Infectious diarrhoea, characterised by loose, watery stools, is a common condition in Singapore and is typically caused by water or food contaminated by bacteria or viruses. Other symptoms of infectious diarrhoea include blood in the stools, vomiting/nausea, abdominal cramps, abdominal pain, bloating, and fever. Symptoms can range from mild to severe.
Diarrhoea can also occur post-abdominal surgery, or be caused by medical conditions such as inflammatory bowel disease and irritable bowel disease, and medications like antibiotics.
You should see your doctor if you experience loose stools more than once or twice and if you have blood in your stools, abdominal cramps and severe vomiting, says Dr Ng Chung Wai Mark, Senior Consultant, Family Physician, Chairperson, Infection Control & Infectious Diseases, SingHealth Polyclinics.
Infectious diarrhoea can be treated in the following ways:
- Drink plenty of water and fluids: This is the main treatment for mild diarrhoea and helps prevent dehydration. Oral rehydration salts also help prevent dehydration which can lead to complications such as kidney failure and in severe cases, even be life-threatening.
- Avoid heavy meals, spicy/fatty foods, milk products, caffeine and fizzy drinks: Instead, follow a light diet that includes clear soup and porridge to rest the bowel.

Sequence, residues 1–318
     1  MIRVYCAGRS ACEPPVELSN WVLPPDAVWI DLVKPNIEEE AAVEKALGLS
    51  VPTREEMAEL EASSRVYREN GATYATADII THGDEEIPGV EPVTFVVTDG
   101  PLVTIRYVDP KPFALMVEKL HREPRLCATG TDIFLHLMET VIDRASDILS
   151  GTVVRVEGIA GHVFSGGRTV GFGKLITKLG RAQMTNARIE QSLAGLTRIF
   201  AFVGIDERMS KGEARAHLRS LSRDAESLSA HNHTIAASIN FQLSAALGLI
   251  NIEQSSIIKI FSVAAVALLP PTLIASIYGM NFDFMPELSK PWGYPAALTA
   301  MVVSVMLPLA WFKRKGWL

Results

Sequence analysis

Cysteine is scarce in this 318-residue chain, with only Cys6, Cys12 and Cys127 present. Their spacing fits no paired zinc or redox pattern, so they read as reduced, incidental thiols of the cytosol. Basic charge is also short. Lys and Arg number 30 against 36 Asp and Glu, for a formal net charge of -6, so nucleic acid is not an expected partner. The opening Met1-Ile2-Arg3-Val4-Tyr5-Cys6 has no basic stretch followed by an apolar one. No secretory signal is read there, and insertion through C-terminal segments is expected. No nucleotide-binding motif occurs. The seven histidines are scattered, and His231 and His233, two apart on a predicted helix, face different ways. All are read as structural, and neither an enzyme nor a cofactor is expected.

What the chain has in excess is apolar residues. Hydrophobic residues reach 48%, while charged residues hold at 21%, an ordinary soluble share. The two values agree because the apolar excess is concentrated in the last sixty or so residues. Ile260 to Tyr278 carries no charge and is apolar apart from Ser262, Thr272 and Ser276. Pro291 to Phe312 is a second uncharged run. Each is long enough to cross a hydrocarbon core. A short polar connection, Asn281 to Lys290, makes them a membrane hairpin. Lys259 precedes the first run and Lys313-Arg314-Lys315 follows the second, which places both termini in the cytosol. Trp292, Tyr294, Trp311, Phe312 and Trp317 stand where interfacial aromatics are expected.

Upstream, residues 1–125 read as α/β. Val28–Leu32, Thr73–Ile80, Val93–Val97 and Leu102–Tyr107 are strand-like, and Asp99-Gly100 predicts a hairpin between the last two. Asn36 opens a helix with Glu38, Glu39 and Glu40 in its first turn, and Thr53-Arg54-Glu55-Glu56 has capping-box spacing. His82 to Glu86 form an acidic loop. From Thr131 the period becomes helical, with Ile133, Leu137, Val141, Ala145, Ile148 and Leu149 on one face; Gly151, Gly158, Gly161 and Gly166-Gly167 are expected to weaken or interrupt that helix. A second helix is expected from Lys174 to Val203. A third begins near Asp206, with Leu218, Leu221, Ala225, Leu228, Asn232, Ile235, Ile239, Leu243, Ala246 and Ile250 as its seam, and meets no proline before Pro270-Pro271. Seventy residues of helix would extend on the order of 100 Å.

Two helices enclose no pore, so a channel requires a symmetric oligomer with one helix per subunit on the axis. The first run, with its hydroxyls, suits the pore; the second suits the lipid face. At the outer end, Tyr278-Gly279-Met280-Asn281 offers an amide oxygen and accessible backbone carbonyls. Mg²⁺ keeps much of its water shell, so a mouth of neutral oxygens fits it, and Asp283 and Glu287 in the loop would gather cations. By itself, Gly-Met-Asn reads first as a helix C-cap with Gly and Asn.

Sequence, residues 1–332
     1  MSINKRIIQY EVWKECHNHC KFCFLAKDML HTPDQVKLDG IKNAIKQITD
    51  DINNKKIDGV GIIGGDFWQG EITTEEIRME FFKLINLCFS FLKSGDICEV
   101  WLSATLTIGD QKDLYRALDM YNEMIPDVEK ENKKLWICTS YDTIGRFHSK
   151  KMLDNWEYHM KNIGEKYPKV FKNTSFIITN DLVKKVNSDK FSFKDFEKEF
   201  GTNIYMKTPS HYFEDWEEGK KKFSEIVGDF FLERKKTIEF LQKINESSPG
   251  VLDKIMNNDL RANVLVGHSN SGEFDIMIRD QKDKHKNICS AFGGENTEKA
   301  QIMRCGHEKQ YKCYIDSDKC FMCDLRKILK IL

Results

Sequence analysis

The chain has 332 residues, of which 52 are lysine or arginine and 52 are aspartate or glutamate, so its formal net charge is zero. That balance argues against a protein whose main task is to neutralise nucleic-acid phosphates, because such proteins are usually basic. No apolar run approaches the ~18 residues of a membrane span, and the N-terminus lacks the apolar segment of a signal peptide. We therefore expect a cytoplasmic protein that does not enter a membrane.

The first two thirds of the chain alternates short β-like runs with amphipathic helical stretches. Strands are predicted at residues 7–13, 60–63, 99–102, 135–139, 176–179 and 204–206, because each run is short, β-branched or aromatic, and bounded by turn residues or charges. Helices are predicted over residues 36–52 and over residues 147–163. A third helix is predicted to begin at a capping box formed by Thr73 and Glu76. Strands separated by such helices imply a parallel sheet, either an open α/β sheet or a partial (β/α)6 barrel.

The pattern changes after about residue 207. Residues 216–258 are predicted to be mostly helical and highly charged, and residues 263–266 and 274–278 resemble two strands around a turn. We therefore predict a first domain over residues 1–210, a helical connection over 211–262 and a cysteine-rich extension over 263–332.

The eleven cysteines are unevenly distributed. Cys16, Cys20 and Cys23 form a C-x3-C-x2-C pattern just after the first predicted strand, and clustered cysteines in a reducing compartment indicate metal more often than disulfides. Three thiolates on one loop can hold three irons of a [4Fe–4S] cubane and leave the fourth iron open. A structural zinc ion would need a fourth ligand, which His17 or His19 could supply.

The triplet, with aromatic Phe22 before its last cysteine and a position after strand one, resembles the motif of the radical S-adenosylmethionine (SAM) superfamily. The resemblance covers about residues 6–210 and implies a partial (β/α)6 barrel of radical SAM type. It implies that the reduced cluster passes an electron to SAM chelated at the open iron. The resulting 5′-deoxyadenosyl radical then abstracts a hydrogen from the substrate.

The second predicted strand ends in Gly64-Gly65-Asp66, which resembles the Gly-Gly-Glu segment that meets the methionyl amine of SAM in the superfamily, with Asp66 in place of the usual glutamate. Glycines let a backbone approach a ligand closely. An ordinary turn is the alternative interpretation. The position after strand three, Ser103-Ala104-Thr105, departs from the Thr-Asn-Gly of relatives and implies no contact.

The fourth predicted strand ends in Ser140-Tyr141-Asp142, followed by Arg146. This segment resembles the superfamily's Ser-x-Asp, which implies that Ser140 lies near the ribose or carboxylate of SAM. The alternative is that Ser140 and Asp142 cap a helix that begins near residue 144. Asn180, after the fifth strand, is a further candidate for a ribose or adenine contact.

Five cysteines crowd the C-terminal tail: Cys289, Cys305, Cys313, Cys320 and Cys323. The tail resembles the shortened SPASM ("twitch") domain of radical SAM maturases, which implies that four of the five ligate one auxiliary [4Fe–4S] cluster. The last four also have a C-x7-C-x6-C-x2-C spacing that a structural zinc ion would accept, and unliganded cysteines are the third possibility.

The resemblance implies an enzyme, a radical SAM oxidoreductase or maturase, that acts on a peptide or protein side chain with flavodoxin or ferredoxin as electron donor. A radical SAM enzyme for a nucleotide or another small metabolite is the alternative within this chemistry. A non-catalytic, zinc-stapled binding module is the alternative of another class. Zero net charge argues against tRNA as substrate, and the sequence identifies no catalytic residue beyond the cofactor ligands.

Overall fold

- Take medication: Charcoal tablets, anti-diarrhoeal drugs and antibiotics may be prescribed based on your symptoms.
How to prevent infectious diarrhoea:
- Wash your hands properly with soap and water after visiting the toilet and before preparing and eating food.
- Avoid consuming ice cubes, tap water and unboiled water when travelling to countries where sanitation is poor.
- Store food appropriately and refrigerate when required to prevent spoilage.
- Avoid eating food which has been left at room temperature for a prolonged period of time.
“There is a temperature range (called the ‘danger zone’) between 5 degrees C and 60 degrees C where bacteria multiply rapidly. As such, hot food should always be kept above 60°C, and cold food, below 5°C,” says Dr Ng.
The National Environmental Agency of Singapore advises that food should not be kept at room temperature for more than four hours from the time it is cooked until it is consumed.
“While Singapore has a relatively high quality of life and clean water supply, severe diarrhoea can still occur if we do not take food and water hygiene seriously, so do make an effort to practise good hygiene habits,” stresses Dr Ng. “There are also vaccines available for some infections which cause diarrhoea, and these include the cholera vaccine and rotavirus vaccine.”
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